The number of awards given in each category is proportional to the number of qualifying entries. This year, the first-place winners in each category will receive a manuscript critique from one of our faculty members plus free tuition to next year’s Writers Day event.
Runner-up: Ronna Mandel for Digger Delivers
Digger has dreamt about digging on a construction site ever since leaving the assembly line. But when the day finally comes, the smell of diesel makes him sick, the scratchy soil hurts his bucket, and the loud noise is unbearable! What good is a digger that can’t dig? But before quitting and giving up on his dream, Digger discovers a new way he can succeed on the job. His contributions prove invaluable, and he is soon reassigned and promoted to Maintenance Manager. He may not dig, but he sure does deliver! Presented in a fun and relatable way, this is an uplifting story that delivers a bucket-load of hope and comfort, as it explores strategies for dealing with sensory processing issues. Back matter adds a personal note, as well as other relevant information.
Winner: Patricia Toht for Frank Pushes the Buttons
In this funny, kid-friendly story, Frank can’t resist pushing buttons — including his parents’ buttons (like Mom’s phone and Dad’s TV). Or other people’s buttons (like water fountains and elevator buttons). Things go wrong (which the author leaves open to hilarious interpretation). And Frank is warned, “No more buttons!” Frank tries, he really does. But a school field trip to a jelly bean factory, loaded with buttons of all shapes and sizes, proves too tempting! When chaos ensues, the class is kicked off the tour and sent home without the bag of jelly beans they were promised. Everyone’s upset with Frank. Now it’s up to Frank to figure out how to make things right. And when he does, it leads to a delightful surprise!
Runner-up: Laurie L. Young for The Cursed Treasure of the Family Flotsam
A grabby first line is always a key to success, and this one is grabby indeed: “Abigail and Augustus Flotsam hadn’t meant to kill their stepmother, but clearly, they had gone too far.” With that offbeat and unexpected line, we are introduced to twins Abigail and Augustus, who must cope with an absent father – and, of course, the more pressing issue of the stepmother who has been inadvertently poisoned by them. The writing is clever and funny, for smart, mature readers. The story’s slightly British tone makes the outrageous feel matter-of-fact, and it’s clear we are in a world with different rules from our own. The opening ten pages do not hint at what the ‘cursed treasure’ might be, but when twins are trying to dispose of the body of their stepmother, there’s no doubt that readers will keep reading to find out.
Winner: Vincent X. Kirsch for Firefly: Act One
Barnacle Bay is a seaside village and tourist attraction, complete with a lighthouse, pier, and a ton of locals named Brewster. But the favorite place of the narrator — Endicott Webster Brewster the fourth, also known as “Lobster” — is the theater. He’s spent his summers there as a “firefly,” a kid actor playing whatever roles are available each season. But this year, Lobster gets some terrible news. The firefly position has been given to two of the town’s meanest boys. Lobster’s life is ruined. The punchy narration immediately draws you into a fast-paced story with clear stakes, set in a small town that is bound to get even quirkier as the plot continues. Lobster is a dramatic, emotional, and lovable main character, and readers will want to go along for the ride to find out what happens next when he’s dealt the most crushing blow of his life. The strong middle grade voice and engaging humor in these pages creates a vivid sense of place to unfold a story with clear stakes and great promise. It’s an enjoyable, laugh-out-loud read from beginning to end.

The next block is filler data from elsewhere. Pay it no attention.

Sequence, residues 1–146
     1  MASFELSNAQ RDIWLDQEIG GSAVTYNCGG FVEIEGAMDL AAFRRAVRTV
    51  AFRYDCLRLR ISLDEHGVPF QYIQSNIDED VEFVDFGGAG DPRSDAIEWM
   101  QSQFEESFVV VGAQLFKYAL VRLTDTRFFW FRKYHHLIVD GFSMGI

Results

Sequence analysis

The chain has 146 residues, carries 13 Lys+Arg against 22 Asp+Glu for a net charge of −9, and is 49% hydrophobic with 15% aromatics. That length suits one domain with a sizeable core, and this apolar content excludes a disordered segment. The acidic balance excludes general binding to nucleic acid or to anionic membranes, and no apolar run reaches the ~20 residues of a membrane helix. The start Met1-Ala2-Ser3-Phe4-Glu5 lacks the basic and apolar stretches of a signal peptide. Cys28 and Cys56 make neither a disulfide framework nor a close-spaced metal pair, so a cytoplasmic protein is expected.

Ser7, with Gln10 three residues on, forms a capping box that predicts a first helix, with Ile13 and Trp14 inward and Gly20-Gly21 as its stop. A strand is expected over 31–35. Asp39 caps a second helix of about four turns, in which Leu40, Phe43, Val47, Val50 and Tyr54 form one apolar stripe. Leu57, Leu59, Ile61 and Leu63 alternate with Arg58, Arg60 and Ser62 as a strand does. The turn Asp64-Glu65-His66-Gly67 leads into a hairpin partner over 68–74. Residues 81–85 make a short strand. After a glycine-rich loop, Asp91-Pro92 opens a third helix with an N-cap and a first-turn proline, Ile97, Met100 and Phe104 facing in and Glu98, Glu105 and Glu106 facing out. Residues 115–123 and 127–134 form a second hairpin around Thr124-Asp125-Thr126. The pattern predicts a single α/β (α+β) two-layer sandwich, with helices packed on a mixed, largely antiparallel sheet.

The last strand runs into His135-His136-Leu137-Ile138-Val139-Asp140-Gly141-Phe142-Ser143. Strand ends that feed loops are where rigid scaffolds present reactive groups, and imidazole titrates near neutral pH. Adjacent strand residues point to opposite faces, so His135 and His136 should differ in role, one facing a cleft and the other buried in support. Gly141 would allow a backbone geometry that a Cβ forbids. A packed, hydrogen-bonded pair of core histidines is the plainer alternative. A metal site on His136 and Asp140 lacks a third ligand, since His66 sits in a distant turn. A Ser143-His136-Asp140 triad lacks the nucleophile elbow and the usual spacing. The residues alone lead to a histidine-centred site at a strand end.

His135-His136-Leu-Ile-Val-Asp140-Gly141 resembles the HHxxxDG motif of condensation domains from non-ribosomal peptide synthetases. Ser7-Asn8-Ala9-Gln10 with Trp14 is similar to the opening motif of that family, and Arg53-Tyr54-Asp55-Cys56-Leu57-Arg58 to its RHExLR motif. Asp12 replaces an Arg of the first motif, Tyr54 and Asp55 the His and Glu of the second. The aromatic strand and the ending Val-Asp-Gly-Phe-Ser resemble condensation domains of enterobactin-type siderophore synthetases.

Winner: Nicholas Ponticello for The Sarafe Bride
Instantly engaging and harrowing, we follow Rayna as she’s prepared to be sold at auction. She hopes her ugliness and patchy skin and hair (due to a disorder akin to trichotillomania) will save her from a life of servitude as a wife and mother. To her horror, she’s dubbed a sarafe bride—something so unusual and flawed that it’s desirable. At the end of the excerpt, Rayna is, in fact, sold—and surprisingly to a high-ranking man in the community. She has no idea what fate awaits her with this turn of events, and readers will be just as desperate to find out as Rayna is. The author handles setting up the specifics of Rayna’s world, which involves a mix of Old World customs and modern technology (much like The Hunger Games) and her compulsive disorder so deftly, these first ten pages could serve as a mentor text for doing exposition brilliantly. I can’t wait to read the rest of this story!